lavendersparkle: (Good little housewife)
Before and during my pregnancy I joked that I was engaged in evidence based baby making. I could quite happily explain the evidence behind my decisions, be it how much alcohol to drink or my birth preferences. I was helped in this by the NICE guidelines and summaries of their basis and the book Expecting Better. I'd like to take a similar evidence based approach to baby raising, but I'm finding it harder to find resources. Here is some information that I've gathered so far. Feel free to correct it, preferably with citations, if you think any of it is incorrect.

1. There are lots of different approaches to raising children that all result in the child being broadly OK.

2. The biggest determinant of a baby's wellbeing is their primary caregivers' wellbeing.

3. It is best to exclusively breastfeed until 6 months, although the benefits are probably overstated due to omitted variable bias and the evidence against introducing solids between 4 and 6 months is more limited.

4. There are benefits to continuing to breastfeed until the baby is at least 2 years old.

5. One should not exclude potential allergens from a baby's diet unless there is reason to believe that they have an allergy.

6. You should follow the NHS's vaccination schedule. (It's fine to get some late due to holidays or illness.)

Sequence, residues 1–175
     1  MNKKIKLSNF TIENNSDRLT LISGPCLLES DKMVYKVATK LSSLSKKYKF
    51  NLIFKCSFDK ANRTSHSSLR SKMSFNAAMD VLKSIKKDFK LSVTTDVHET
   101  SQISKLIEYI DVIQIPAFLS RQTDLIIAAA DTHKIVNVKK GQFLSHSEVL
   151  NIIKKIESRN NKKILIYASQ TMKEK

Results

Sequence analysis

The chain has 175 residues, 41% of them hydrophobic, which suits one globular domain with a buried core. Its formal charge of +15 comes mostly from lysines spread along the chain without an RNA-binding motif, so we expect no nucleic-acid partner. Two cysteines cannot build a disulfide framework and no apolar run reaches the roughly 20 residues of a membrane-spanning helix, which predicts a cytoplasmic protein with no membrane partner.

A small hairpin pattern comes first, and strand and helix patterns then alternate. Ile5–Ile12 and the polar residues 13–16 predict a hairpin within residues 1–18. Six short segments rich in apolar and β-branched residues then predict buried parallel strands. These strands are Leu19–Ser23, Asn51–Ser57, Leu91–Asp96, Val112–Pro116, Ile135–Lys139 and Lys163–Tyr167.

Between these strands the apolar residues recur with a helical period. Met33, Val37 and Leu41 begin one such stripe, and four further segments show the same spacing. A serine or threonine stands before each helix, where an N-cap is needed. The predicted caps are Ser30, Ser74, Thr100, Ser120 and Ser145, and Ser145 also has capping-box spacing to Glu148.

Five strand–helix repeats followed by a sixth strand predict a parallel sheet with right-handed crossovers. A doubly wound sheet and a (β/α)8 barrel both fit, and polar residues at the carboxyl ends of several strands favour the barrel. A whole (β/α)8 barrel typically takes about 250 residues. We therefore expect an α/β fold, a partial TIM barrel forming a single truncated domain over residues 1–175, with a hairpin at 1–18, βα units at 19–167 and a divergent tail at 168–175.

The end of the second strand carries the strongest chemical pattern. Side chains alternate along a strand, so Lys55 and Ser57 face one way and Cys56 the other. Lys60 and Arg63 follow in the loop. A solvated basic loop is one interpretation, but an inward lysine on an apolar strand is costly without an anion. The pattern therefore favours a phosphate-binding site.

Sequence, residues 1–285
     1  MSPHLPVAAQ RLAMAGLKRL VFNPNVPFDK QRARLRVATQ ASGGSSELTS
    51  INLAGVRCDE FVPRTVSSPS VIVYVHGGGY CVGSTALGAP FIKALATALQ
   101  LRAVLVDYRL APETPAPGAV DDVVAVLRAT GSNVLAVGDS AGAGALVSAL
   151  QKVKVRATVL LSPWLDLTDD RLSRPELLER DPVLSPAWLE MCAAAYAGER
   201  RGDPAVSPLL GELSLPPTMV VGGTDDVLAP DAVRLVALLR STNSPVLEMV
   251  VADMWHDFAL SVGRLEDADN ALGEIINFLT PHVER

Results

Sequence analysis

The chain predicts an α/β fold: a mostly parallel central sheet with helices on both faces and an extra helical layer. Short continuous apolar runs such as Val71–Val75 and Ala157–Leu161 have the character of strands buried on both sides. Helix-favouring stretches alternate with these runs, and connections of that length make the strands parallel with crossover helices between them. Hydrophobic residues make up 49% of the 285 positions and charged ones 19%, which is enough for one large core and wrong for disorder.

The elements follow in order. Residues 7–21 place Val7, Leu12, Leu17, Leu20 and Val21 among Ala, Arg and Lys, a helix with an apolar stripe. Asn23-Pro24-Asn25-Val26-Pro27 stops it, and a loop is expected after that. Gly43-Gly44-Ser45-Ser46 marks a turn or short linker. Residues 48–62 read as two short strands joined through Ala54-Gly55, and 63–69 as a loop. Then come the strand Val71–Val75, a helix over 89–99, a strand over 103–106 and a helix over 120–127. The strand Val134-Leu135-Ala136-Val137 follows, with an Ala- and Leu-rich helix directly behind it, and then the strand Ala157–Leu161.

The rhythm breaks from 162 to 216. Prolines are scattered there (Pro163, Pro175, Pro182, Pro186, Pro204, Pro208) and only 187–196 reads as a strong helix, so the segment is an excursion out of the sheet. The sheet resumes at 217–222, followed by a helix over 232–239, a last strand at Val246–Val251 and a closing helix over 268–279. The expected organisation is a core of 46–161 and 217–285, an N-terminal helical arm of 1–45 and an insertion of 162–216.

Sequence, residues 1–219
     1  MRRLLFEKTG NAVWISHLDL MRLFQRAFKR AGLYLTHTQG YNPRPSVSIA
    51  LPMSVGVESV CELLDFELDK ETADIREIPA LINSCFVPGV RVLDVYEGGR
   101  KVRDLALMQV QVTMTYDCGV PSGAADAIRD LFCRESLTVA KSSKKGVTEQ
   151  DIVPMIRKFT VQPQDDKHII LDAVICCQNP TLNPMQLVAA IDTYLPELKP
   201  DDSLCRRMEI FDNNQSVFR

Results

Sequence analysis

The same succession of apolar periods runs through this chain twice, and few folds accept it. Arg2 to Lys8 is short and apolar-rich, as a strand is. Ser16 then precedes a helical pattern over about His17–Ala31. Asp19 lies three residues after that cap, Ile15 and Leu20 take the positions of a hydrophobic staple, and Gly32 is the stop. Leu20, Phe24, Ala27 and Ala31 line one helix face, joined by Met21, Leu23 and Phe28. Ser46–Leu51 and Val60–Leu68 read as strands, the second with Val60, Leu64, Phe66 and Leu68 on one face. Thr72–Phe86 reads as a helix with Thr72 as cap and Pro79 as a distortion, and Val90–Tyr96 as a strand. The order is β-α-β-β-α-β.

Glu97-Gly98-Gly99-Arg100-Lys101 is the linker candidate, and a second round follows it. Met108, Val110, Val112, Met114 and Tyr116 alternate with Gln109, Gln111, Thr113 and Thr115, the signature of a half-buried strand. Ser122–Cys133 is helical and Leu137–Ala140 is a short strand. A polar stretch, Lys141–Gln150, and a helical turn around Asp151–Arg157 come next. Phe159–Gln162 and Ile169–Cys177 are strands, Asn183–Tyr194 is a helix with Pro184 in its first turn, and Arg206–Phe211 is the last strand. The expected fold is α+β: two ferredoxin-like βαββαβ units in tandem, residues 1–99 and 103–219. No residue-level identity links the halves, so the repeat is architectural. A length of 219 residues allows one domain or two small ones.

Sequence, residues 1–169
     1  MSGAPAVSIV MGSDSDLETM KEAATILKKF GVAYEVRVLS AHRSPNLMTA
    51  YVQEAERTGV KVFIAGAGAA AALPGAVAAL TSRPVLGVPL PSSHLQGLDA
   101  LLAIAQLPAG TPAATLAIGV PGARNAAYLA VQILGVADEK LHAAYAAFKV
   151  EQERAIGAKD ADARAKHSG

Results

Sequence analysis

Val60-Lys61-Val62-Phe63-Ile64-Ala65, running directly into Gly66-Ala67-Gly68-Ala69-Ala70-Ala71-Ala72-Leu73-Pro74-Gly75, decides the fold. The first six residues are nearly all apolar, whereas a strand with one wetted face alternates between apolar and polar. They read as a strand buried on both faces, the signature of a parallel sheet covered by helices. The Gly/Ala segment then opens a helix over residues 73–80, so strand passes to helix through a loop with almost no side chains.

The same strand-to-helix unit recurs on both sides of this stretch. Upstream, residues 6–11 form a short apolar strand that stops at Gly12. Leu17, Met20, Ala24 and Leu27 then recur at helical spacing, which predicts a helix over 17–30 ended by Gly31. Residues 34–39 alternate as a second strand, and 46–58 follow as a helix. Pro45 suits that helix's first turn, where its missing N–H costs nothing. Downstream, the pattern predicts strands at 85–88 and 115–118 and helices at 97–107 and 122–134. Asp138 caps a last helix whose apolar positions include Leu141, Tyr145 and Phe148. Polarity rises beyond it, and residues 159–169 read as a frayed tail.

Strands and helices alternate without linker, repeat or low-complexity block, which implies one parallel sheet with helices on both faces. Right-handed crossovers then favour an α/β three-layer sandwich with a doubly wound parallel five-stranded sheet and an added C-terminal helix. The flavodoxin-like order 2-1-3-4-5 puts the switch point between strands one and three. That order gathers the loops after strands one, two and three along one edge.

7. I'm not sure whether it is worth paying for Nathaniel to be vaccinated against chickenpox.

8. It is best to praise children in a way that encourages a growth mindset rather than a fixed mindset I.e. praise effort and strategy rather than inherent talent.

9. Modelling moral behaviour is more effective than extolling moral behaviour.

10. The NHS says that babies should be given supplements of vitamins A, C and D from 6 months if they are not being fed formula. I'm not sure how necessary this is and am a bit reluctant as I can't work out how to administer them in a way that Nathaniel won't hate.

11. Babies develop the ability to injure themselves and others before they develop the ability to reason through the consequences of their actions. They can understand not to do something because their carer says not to before they can understand the consequences of their actions.

12. Babies can usually sign before they can speak, so teaching them sign can help them to communicate earlier.

That's just some off the top of my head whilst Nathaniel naps. Any to add?


lavendersparkle: Jewish rat (Default)

July 2015

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